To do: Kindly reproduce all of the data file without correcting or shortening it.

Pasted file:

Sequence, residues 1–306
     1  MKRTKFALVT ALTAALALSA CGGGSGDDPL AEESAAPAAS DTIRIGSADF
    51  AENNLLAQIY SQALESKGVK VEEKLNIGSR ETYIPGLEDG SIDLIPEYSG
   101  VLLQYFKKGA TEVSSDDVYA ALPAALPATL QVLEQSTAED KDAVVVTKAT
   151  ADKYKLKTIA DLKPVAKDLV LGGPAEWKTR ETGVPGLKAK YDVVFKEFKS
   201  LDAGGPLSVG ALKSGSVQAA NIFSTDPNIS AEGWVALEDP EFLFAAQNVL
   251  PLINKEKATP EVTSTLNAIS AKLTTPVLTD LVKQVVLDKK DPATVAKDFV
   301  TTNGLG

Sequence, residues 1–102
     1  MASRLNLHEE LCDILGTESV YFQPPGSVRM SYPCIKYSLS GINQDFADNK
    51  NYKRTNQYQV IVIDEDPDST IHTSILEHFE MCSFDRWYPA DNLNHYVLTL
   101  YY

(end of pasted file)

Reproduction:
Sequence, residues 1–306
     1  MKRTKFALVT ALTAALALSA CGGGSGDDPL AEESAAPAAS DTIRIGSADF
    51  AENNLLAQIY SQALESKGVK VEEKLNIGSR ETYIPGLEDG SIDLIPEYSG
   101  VLLQYFKKGA TEVSSDDVYA ALPAALPATL QVLEQSTAED KDAVVVTKAT
   151  ADKYKLKTIA DLKPVAKDLV LGGPAEWKTR ETGVPGLKAK YDVVFKEFKS
   201  LDAGGPLSVG ALKSGSVQAA NIFSTDPNIS AEGWVALEDP EFLFAAQNVL
   251  PLINKEKATP EVTSTLNAIS AKLTTPVLTD LVKQVVLDKK DPATVAKDFV
   301  TTNGLG

Sequence, residues 1–102
     1  MASRLNLHEE LCDILGTESV YFQPPGSVRM SYPCIKYSLS GINQDFADNK
    51  NYKRTNQYQV IVIDEDPDST IHTSILEHFE MCSFDRWYPA DNLNHYVLTL
   101  YY